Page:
Open House Time of the Year – Revisited

Open House Time of the Year – Revisited

Back in 2016, I wrote a piece on why I felt the spring open houses that so many dealers do should be moved to the fall. Back then I felt that the timing was wrong. Why go through all of the work and effort when the springtime was typically a boom for business anyway?

At the time I suggested that holding them in the fall was more appropriate. It would boost the end of season business and allow people to get things set up for the long winter in so many parts of the country.

Well, here we are in 2020 in the middle of the Coronavirus pandemic. Open houses with large gathering of people are still very far away from happening across the country and even if they are allowed by government, will people turn out for them.

This makes my idea of the fall open house even better. By the end of the year, hopefully, things will be closer to normal and people will turn out in groups.

What do you think?

Read the original post HERE – Open House Time of the Year

Open House Time of the Year

Open House Time of the Year

Across the country, the weather is finally starting to clear up, and people are out on their bikes enjoying the ride. Motorcycle dealers everywhere are experiencing busy Saturday afternoons with people visiting and buying as they prepare for the season ahead. The staff has awoken from their winter’s nap and are moving like a well-oiled machine.

May in the motorcycle business is good. Now is the perfect time for an Open House.

Wait? What? Why?

I’ve always found it odd that dealers choose a time when they are already busy to increase their stress level, overwork the staff and spend money on promotions to bring more people into a dealership when you’re already busy.

Sure- strike while the iron is hot and take advantage of individuals when they are in the buying mood and the season is still young, but I can help but feel there is a better way, a better time.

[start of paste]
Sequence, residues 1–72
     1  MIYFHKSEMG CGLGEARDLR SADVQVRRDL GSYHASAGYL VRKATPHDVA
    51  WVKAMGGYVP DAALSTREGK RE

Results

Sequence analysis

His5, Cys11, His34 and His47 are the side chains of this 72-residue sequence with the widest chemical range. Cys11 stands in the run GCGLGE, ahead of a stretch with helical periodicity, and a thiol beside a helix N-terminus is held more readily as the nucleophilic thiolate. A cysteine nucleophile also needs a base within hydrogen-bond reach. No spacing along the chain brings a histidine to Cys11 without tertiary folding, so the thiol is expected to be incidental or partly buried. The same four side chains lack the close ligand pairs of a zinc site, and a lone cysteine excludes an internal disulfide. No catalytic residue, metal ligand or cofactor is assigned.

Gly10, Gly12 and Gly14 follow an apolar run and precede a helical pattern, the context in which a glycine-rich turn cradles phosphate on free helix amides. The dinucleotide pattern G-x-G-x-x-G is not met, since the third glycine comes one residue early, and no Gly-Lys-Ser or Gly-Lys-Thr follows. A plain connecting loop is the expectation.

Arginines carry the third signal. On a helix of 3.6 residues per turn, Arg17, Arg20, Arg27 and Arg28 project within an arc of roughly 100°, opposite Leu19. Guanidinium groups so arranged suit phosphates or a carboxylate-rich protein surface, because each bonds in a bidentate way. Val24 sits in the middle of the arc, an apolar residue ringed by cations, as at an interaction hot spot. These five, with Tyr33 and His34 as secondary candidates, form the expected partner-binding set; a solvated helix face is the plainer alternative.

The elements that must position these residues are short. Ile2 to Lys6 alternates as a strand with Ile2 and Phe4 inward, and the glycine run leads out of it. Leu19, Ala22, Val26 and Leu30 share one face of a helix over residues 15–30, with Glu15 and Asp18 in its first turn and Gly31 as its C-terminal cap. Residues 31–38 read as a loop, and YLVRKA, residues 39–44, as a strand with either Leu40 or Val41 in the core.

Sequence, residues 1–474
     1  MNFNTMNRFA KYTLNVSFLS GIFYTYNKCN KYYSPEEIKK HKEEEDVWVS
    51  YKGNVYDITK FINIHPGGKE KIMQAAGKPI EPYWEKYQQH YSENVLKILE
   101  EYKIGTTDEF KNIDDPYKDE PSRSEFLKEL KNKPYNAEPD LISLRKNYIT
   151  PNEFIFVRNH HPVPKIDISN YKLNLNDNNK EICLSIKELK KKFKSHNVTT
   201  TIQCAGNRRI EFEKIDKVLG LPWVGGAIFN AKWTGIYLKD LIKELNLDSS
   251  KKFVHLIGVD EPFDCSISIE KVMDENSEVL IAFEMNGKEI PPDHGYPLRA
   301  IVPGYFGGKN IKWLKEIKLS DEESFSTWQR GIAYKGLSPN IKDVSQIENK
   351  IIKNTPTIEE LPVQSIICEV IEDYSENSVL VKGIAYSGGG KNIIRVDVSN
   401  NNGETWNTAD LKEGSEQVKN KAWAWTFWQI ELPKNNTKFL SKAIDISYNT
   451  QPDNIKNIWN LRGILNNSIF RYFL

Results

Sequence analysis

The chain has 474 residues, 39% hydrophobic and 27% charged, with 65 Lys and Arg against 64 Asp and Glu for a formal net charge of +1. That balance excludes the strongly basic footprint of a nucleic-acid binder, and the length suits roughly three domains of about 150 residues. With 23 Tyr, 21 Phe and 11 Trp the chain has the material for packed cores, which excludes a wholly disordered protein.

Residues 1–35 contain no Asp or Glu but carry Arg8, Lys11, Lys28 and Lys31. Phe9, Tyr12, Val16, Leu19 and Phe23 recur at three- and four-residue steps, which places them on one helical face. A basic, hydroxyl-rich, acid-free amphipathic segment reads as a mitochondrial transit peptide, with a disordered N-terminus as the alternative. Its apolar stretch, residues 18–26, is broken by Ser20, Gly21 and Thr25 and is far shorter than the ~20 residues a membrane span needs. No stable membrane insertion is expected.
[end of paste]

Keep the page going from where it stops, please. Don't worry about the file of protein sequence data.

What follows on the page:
What if dealers held open houses when traffic was low, pre-season perhaps? I think that might be a better alternative and here’s why.

  • Holding an open house in the offseason can be and extremely useful use of time. Each “guest” will be able to spend more of it with your staff enhancing the in-store experience. Instead of the harried afternoon of a typical open house, the more casual pace of an offseason open house will allow for a more meaningful conversation resulting in greater sales.
  • You won’t have to complete with yard work or baseball practice for their attention. In the off-season, your customer is looking for something to do on the weekend, why not make your open house that something. You could offer a seminar on getting your bike ready for the season, create a new model review with the help of your OEM, bring in distributor reps to provide new product training. The possibilities are endless. Take advantage of the downtime to offer a real benefit to the customer.

These are just a couple of the benefits of doing an Open House offseason. You can use the same reason above for hosting a fall open house. Time to put the bike away correctly, discussing winter storage, offering a winter performance or cosmetic upgrade special to keep your service department going through the lean times. Both you and your customer benefit.

So there you have it. My suggestion to abolish the spring open house. What do you think? I’m curious to hear your feedback.

Social Media is Not a Checklist

Social Media is Not a Checklist

By now everyone is aware of the need for social media. Regardless of your type, B2B, B2C, manufacturer, or retailer, you must have a social media presence. Facebook, Twitter, Instagram, Snapchat, and LinkedIn have all become a necessary part of the marketing mix. But what does it mean?
Social media is not a checklist. It’s not just post and pray. You cannot set up the accounts and post once in awhile and expect any results. Social media is no different than the rest of your business plan, and its integration is necessary. It is an integral part of your marketing and advertising plan, one that requires a budget, analytics, and a dedicated person to take care of the intricacies involved. Remember social media is post, connect and converse, all the time.
Gone are the days when anyone in your business with a Facebook account could be responsible for your social media strategy. And that is the essential part of this article. Social media is not a checklist. You can’t just open a bunch of accounts and call your social media strategy done. You need to put in place a plan for content, posting schedule, how to handle comments and who will interact online.
With the season slowing down, now is an excellent opportunity to put down on paper a plan to use these valuable marketing tools. Make sure your social media ties in with your monthly sales and marketing goals for a cohesive presentation to the end user. A disjointed and inconsistent message will cost you business.